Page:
My sister in law has asked me to make a table and 2 chairs for her grandchildren who will soon be entering elementary school. She said that she wants it to be sturdy. My first though was mortise and tenon, but children can be tough on furniture. This sounds rough, but I was thinking I’d make a square dovetailed frame (aprons) and then use cut nails to attach the legs and back that up with angled wooden braces in the corners. Do you think that will survive?
My second question is about sizing the pieces. I’ve found online resources for table and seat height by age, but what age? I could make the pieces appropriate for say 8 year olds. The furniture would be a little big for a while, just right for around 2 weeks, and then too small, but maybe there will be more grandchildren. What do you think?
I recently made table and two stools for my granddaughters aged 6 and 8. Table frame was made with top grade Scandinavian pine. Haunched mortise and tenon joints to legs for top rails with mortised and tenon lower rails to give added stability. Top was screwed to base through wooden braces you mention. legs were 11/2 ins square and with M&T joins will take anything the kids will throw at it. I made stools from same pine per Paul’s bench stool project, scaled down ,but with circular seats.
Re size the table measures 600mm by 1200mm and kids sit at each end giving them their own work area.of 600×600. They love it .
Sizing was bit of guess work. I went for a very slightly lower than a standard dining table height which the children can sit at fine albeit the younger one has a cushion. The end result is it works for the kids and adults can sit comfortably at it as well.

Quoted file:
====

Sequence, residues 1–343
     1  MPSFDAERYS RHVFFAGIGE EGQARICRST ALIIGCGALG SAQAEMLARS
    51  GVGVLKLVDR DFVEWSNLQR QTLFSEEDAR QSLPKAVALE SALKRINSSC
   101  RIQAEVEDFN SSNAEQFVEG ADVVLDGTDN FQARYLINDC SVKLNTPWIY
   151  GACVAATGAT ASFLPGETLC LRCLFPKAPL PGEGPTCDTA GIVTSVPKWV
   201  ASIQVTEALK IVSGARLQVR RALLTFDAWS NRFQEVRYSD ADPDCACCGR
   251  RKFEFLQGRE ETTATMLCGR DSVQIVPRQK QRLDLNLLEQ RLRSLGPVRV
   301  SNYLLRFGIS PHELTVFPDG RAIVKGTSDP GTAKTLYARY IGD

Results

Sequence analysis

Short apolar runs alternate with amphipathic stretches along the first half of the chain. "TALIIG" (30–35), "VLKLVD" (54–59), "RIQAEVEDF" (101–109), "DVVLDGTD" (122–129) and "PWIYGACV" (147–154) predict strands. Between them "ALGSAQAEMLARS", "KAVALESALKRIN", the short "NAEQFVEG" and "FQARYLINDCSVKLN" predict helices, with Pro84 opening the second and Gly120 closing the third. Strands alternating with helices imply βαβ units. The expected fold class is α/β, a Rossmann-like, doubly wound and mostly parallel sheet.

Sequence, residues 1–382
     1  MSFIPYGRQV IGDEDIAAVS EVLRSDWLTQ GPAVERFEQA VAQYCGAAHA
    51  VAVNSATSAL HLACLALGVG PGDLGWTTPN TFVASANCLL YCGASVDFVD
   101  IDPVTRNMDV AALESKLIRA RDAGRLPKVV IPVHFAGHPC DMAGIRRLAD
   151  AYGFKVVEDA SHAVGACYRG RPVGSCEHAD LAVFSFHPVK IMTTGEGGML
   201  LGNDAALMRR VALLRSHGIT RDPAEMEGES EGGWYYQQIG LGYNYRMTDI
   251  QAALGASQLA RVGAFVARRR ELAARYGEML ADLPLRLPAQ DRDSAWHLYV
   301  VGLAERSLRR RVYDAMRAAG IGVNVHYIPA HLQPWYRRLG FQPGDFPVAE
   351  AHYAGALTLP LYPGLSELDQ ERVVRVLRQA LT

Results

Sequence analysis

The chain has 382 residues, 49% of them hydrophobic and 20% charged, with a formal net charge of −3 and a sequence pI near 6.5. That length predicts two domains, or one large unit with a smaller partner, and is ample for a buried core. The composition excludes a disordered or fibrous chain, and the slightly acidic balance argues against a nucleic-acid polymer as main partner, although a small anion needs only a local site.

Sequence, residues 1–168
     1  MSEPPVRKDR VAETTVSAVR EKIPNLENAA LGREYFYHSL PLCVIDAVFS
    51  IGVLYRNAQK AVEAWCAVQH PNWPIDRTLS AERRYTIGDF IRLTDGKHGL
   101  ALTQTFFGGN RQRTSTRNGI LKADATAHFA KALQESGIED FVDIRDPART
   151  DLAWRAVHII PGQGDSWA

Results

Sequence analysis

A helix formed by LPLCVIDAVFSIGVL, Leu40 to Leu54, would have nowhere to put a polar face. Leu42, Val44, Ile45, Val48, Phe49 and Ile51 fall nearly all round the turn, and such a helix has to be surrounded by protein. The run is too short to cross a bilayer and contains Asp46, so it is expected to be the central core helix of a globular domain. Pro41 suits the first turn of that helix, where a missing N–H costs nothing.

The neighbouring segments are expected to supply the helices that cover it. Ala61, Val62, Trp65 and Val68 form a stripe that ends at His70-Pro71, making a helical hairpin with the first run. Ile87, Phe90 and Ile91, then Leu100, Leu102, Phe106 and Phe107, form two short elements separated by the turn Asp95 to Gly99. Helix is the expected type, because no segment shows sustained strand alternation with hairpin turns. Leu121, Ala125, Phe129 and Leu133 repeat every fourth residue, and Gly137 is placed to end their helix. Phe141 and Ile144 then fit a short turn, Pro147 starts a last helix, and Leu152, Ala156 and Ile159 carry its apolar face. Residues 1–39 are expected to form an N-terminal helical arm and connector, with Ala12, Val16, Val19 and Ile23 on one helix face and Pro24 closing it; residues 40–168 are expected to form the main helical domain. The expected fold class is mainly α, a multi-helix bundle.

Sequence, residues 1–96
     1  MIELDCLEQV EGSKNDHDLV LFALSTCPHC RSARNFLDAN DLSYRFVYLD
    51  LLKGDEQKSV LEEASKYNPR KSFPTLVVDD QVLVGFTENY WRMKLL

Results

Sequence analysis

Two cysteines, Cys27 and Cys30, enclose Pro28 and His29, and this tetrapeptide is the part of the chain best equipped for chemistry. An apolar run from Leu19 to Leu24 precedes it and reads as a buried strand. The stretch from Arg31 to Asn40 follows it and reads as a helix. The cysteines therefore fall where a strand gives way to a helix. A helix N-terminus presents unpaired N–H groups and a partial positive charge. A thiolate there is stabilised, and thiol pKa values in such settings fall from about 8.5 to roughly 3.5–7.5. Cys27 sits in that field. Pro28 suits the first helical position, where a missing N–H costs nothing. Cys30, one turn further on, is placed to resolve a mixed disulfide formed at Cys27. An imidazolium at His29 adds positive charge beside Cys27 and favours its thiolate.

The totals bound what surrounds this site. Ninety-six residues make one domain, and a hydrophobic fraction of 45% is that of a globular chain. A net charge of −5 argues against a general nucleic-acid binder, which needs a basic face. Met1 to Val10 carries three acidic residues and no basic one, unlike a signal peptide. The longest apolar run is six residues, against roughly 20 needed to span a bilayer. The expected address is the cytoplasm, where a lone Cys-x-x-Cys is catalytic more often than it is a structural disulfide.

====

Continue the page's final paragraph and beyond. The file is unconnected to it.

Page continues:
Hope this might help. Pic attached.
I have thought on this same issue myself. An adjustable height table that could grow with kids.
Trying to describe it …
Create a tabletop with legs, say 2″x2″. These would not be decorative, as they would really be pistons.
Create 4 leg surrounds (decorative?) that would tightly slide over the tabletop pistons. They could be attached to each other by stretchers to improve their sturdiness.
The surrounds would have pegged holes at appropriate heights to allow the tabletop pistons to sit on. As the child grows, the pegs could be moved up to raise the table height.
A table with 24″ surrounds could probably be raised to 42″ before becoming wobbly due to lack of support. I think typical adult table height is about 30″. You’d need to factor in the extra height for the tabletop thickness.
The surrounds could only be as tall as the table’s lowest setting.
The table could only be raised less than 2x the height of the surrounds.
I may be a bit off in my measurements, as I haven’t thought the concept fully through.
- You must be logged in to reply to this topic.